The Story of a Little Heart

It’s 2 am. I can’t sleep. Too much clutter in my mind. Writing helps me to de-clutter. I usually write in my journal or write letters to my boys. I was re-reading some letters that I wrote to Adam in the first year of his life. Our sweet Adam is only 2 and already his life story is a miraculous one. As we are striving to spread awareness of congenital heart disease and support for CHD research (and with Adam’s 2nd heart surgery approaching in just a few days), I think that sharing Adam’s story with you might go a long way. And, although the feelings I’ve expressed through these letters are personal, I share them as a testimony that our Heavenly Father is real and that He loves us. That we have a Savior, Jesus Christ, and that through Him, we can do all things…


My Dear Adam,

I have been blessed with the sweetest of angels, and that angel is you. I thank my Heavenly Father daily that He sent you to me. So much has been asked of you already, my sweet baby, and I’m afraid it’s only the beginning. God sends his children to Earth to learn and to grow. We’re all faced with trials – some more difficult than others – but I promise you that He will always be there to succor you. Throughout your life you will experience much physical and emotional pain, and you will be asked to bear hardship and sorrow; however, the joy and happiness and love that you experience will be so much greater. We all have a purpose in life. Everyone has a story to write. I can’t wait to see who you become, little Adam. What great opportunities and happiness lie ahead for you. My little sweetheart, this is the beginning of your story…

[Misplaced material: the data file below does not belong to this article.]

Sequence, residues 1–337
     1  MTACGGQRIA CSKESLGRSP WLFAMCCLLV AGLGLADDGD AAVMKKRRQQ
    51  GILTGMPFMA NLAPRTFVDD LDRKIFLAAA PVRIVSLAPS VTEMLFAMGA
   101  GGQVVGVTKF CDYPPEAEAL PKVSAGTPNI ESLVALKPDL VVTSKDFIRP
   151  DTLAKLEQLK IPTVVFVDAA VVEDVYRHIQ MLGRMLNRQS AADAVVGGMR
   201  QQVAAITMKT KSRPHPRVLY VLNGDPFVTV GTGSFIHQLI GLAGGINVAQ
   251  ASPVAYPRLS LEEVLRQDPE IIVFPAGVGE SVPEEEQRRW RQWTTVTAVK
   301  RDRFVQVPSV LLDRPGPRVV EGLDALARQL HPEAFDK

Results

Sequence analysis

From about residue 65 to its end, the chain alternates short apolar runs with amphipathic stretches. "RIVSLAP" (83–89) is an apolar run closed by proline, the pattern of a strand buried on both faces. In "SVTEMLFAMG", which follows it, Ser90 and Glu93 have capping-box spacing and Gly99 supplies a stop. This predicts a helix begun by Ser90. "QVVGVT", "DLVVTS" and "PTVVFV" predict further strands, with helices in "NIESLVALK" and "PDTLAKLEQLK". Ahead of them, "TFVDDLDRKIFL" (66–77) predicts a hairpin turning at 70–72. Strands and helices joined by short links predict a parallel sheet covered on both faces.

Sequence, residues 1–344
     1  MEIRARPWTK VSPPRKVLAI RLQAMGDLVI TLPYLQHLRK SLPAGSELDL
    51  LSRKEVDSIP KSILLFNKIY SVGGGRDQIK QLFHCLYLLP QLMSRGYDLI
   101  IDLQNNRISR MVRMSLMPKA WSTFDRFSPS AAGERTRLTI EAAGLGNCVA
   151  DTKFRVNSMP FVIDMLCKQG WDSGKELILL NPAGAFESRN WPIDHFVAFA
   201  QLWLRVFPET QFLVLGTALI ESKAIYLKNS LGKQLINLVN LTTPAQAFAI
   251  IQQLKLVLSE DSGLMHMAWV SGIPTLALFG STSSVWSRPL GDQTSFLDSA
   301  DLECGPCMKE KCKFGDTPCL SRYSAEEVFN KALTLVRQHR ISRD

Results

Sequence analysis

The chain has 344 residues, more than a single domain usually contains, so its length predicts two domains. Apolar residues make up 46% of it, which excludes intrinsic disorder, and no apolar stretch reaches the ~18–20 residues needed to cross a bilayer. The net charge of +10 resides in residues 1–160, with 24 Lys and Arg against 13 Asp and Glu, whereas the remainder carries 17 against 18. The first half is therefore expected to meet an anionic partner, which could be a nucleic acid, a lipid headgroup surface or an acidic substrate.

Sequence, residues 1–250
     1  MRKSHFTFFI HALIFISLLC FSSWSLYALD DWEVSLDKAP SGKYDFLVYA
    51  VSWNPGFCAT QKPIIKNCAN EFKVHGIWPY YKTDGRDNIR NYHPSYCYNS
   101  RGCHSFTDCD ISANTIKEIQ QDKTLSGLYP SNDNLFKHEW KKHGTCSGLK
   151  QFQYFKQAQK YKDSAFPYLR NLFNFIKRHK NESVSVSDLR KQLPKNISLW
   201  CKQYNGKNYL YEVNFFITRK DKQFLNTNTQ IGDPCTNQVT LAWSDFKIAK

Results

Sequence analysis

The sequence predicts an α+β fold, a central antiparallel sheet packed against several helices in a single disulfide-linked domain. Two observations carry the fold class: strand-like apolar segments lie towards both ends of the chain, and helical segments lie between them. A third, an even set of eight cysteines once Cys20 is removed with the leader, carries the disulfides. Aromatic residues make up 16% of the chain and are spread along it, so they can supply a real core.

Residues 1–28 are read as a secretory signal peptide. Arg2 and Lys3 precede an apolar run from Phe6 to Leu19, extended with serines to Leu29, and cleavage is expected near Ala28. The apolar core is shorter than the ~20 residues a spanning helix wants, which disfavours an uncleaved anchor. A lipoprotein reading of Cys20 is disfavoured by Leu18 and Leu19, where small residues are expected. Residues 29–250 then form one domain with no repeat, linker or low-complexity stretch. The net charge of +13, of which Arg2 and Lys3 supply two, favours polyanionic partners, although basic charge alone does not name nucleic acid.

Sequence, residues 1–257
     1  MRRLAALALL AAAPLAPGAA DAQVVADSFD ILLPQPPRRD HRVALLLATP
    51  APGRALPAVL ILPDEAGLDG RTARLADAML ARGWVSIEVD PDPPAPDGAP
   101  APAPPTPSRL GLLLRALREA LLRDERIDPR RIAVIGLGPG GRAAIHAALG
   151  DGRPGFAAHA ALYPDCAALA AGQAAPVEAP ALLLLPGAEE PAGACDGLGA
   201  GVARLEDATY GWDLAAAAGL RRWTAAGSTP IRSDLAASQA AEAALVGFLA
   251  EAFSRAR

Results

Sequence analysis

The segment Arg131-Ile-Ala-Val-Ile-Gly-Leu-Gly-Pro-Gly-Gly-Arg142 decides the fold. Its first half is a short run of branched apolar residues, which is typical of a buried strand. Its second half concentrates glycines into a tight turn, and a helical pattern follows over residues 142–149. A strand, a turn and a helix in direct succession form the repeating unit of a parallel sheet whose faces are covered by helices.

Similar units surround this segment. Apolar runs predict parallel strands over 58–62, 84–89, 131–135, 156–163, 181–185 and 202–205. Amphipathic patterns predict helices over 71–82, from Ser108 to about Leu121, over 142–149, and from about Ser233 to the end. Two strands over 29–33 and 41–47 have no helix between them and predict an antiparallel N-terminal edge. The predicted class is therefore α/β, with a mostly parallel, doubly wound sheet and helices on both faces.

Last night I went into labor. It wasn’t unusual for me to have contractions, but these were a bit stronger and more frequent. Around 6:30am, when Daddy leaned down to kiss me goodbye, I whispered to him, “Honey, I think I’m in labor.” Daddy told me he would meet me at the office. I got up, fixed your brothers some breakfast, took a shower and did some laundry. I also packed my bag, because after all, this just might be the day.

I got to the doctor’s office around 10:30am. It was determined that I was already about 7cm! I said, “Well, I guess I should probably head to the hospital then!” As we drove toward the hospital, my mind was racing. I had anticipated this day for 9 months. Admittedly, I was scared to meet you. I knew of your heart condition, but I didn’t know what to expect at your birth. Would you be sick? Would I get to hold you? Would you look like the baby I had envisioned in my daydreams? We arrived at the hospital around 11am, and Daddy and the nurses made me as comfortable as possible. I progressed quickly and before I knew it, I was wheeled to the O.R. and it was time to push.


I love the last moments of labor and then, the delivery. There is a tangible excitement in the air. I reflect on my life as it is and consider how my life, in a few short moments, will be changed forever. I am about to become a mother again – a new little one to hold and to snuggle, to teach and to love. I can’t wait. The tiny person growing inside of me, with whom I have bonded and loved for nine months, is almost here. I can’t wait to meet you for the first time…

A few big pushes and at 1:14pm you were here – your tiny cry, music to my ears. Because of your heart, they whisked you away immediately, but I saw your beautiful face and then caught a glimpse of your back-end. Boy, was that a surprise since we were expecting a little girl! Haha! I grabbed your daddy’s arm and exclaimed, “Honey, I’m pretty sure I just saw boy parts!!” It didn’t register with him at first either and, puzzled, he said, “Yeah, I’m going to go check on that!” Daddy ran back into the room and he came back nodding – yep, it’s a boy. 🙂


Although I’m sure it was only a few minutes, it seemed like ages before I got to hold you. It’s not quite possible to describe the feeling of holding your baby for the first time. I didn’t feel a twinge of disappointment that you weren’t a girl. For the first time in months I didn’t worry about your tiny heart. In that moment, there was just you and me. You were here, and you were so tiny and beautiful and perfect. I held you tenderly and your little gray eyes looked up at me, telling me that you chose me and that you already love me.